Diagnosis: Mixed Substance Abuse/Dependence
Treatment: Seeking Safety for Mixed Substance Abuse/Dependence
Seeking Safety for Mixed Substance Abuse/Dependence
Status: Strong Research Support for Adults, Modest Research Support for Adolescents
Seeking Safety is a present-focused, coping skills therapy to help people attain safety from trauma/PTSD and substance use disorder (SUD). It embodies a compassionate tone that honors what clients have survived and respects their strengths. It was designed for flexible use. It is a first-stage model that can be used from the start of treatment.
The key principles of Seeking Safety are: (1) Safety as the overarching goal (helping clients attain safety in their relationships, thinking, behavior, and emotions). (2) Integrated treatment (working on both trauma and substance abuse at the same time). (3) A focus on ideals to counteract the loss of ideals in both trauma and substance abuse. (4) Four content areas: cognitive, behavioral, interpersonal, and case management. (5) Attention to clinician processes (helping clinicians work on countertransference, self-care, and other issues). Seeking Safety offers 25 treatment topics, each with a clinician guide and client handouts. The topics that can be conducted in any order and number, and the pacing and length of sessions can be determined by the clinician. Examples of topics are Safety, Asking for Help, Setting Boundaries in Relationships, Healthy Relationships, Community Resources, Compassion, Creating Meaning, Discovery, Recovery Thinking, Taking Good Care of Yourself, Commitment, Integrating the Split Self, Self-Nurturing, Red and Green Flags, and Life Choices.
Seeking Safety has a strong public health emphasis: low cost to implement, with emphasis on engagement and concrete strategies. The model has been used with a broad range of vulnerable populations, including those who are severe and chronic, adolescents, military and veterans, homeless, domestic violence, criminal justice, racially/ethically diverse, mild traumatic brain injury or other cognitive impairment, serious and persistent mental illness, low-reading or illiterate clients, and others. It is also used for individuals with PTSD or SUD disorder alone, subthreshold, or a history of the either disorder. Seeking Safety has been translated into Spanish, French, German, Dutch, Swedish, Polish, and Chinese. The model has been conducted by a broad range of clinicians, including social workers, psychologists, nurses, case managers, mental health counselors, substance abuse counselors, emergency workers, domestic violence advocates, as well as paraprofessionals, and peer-led.
- Boden MT, Kimerling R, Jacobs-Lentz J, Bowman D, Weaver C, Carney D, Walser R, Trafton JA. (2012).Seeking Safety treatment for male veterans with a substance use disorder and PTSD symptomatology.Addiction, 107, 578-586.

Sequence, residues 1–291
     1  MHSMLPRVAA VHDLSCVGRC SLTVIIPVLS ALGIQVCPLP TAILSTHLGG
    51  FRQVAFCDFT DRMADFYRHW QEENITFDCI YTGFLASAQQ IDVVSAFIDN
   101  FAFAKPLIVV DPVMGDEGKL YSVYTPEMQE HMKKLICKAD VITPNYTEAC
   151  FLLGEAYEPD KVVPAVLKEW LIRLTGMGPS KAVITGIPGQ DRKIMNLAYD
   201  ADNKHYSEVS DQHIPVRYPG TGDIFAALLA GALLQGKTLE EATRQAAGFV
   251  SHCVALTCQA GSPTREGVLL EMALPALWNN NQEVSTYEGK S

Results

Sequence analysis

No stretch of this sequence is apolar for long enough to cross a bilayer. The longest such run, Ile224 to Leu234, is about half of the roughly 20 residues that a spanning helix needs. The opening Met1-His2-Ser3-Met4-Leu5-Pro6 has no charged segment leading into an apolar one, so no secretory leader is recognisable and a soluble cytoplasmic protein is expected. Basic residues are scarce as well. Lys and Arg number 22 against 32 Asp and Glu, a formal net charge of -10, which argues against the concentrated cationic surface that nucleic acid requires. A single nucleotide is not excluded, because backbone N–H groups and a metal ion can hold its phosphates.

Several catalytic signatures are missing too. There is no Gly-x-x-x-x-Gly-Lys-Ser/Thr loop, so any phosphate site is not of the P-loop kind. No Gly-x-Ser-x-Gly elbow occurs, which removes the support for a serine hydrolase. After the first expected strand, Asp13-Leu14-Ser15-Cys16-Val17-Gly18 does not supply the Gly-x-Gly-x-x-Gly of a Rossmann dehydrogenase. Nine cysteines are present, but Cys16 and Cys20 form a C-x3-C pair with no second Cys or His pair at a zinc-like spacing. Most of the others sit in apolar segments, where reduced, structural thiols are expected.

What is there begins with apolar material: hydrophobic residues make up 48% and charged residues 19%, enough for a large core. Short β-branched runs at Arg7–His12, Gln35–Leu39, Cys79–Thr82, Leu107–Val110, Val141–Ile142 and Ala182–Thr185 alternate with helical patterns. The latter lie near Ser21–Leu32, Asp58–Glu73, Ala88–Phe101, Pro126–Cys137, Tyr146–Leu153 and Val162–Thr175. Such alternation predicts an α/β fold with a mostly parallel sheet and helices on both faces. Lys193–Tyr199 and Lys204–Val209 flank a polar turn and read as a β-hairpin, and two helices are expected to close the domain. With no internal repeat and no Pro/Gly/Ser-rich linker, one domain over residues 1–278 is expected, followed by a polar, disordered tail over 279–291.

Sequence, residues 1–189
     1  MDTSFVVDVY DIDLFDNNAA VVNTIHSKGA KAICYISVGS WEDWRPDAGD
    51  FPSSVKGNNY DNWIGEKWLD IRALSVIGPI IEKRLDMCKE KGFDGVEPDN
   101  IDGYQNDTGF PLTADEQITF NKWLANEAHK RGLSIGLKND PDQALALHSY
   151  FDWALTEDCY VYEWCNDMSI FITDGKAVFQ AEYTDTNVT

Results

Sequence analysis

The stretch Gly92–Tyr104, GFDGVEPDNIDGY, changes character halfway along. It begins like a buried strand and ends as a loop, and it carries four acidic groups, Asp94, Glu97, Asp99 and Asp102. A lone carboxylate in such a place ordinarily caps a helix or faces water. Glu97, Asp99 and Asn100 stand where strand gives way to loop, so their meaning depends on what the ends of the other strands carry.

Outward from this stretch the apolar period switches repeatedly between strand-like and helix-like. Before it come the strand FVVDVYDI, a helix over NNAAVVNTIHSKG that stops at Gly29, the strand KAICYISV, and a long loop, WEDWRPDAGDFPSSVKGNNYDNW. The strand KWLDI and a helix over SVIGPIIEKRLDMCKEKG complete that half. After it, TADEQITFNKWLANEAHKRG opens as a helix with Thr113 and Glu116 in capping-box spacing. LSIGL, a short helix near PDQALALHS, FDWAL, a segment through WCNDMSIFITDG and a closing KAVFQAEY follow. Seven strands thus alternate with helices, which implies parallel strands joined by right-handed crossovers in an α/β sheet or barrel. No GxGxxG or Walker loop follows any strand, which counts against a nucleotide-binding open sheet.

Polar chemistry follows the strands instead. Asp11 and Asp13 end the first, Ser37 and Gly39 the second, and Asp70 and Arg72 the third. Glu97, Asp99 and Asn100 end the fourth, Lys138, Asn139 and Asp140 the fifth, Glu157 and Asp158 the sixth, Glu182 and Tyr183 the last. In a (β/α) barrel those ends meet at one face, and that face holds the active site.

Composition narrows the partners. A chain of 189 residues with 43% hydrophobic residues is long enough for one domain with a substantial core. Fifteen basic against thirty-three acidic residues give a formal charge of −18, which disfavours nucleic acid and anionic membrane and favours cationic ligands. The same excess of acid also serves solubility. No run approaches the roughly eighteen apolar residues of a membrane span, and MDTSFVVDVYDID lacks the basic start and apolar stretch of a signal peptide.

- Hien DA, Cohen LR, Litt LC, Miele GM, Capstick, C. (2004). Promising empirically supported treatments for women with comorbid PTSD and substance use disorders. American Journal of Psychiatry, 161:1426-1432.
- Najavits LM, Gallop RJ, Weiss RD. (2006). Seeking Safety therapy for adolescent girls with PTSD and substance abuse: A randomized controlled trial. Journal of Behavioral Health Services & Research, 33, 453-463.
- See also SeekingSafety.org, section Outcomes for a complete list of outcome studies and other articles on Seeking Safety.
- (provides client handouts and clinician guidelines):
- Najavits, LM (2002).
Seeking Safety: A Treatment Manual for PTSD and Substance Abuse.
- New York: Guilford Press.
- Also, translations are available in multiple languages (see
- , section About Seeking Safety).
See especially the sections FAQ (“frequently asked questions”), Articles and Outcomes
In addition to the treatment manual, additional implementation materials are available, including training videos, a poster of the Safe Coping Skills (in English or Spanish), and a card deck of the Safe Coping Skills (in English or Spanish). See SeekingSafety.org, section Order.
Articles (all can be freely downloaded from the website):
- Najavits, LM (2009). Seeking Safety: An implementation guide. In A. Rubin & DW Springer (Eds). The Clinician’s Guide to Evidence-Based Practice. Hoboken, NJ: John Wiley.
- Najavits, LM, Schmitz, M, Johnson, KM, Smith, C, North, T, Hamilton, N, Walser, R, Reeder, K Norman, S, Wilkins, K. (2009). Seeking Safety therapy for men: Clinical and research experiences. In Men and Addictions. Nova Science Publishers, Hauppauge, NY.
- Najavits LM (2007). Seeking Safety: An evidence-based model for substance abuse and trauma/PTSD. In: KA Witkiewitz & GA Marlatt (Eds.), Therapists’ Guide to Evidence-Based Relapse Prevention: Practical Resources for the Mental Health Professional, pages 141-167. San Diego: Elsevier Press.
- Najavits LM (2004). Implementing Seeking Safety therapy for PTSD and substance abuse: Clinical guidelines. Alcoholism Treatment Quarterly, 2004; 22:43-62.
- Najavits LM (2000). Training clinicians to conduct the Seeking Safety treatment for PTSD and substance abuse. Alcoholism Treatment Quarterly. 18:83-98.
- , section
- . The website lists upcoming trainings, how to schedule a training, and training fact sheet. There is no limit on the number of attendees, so some programs set up a training and invite others from the region to attend. Training associates are available throughout the country.
Training videos are also an option. See SeekingSafety.org, section Order for information on the Seeking Safety training series (available in DVD or VHS format).
Phone consultation and fidelity training/consultation are also possible. See SeekingSafety.org, section Training.
Note: The resources provided below are intended to supplement not replace foundational training in mental health treatment and evidence-based practice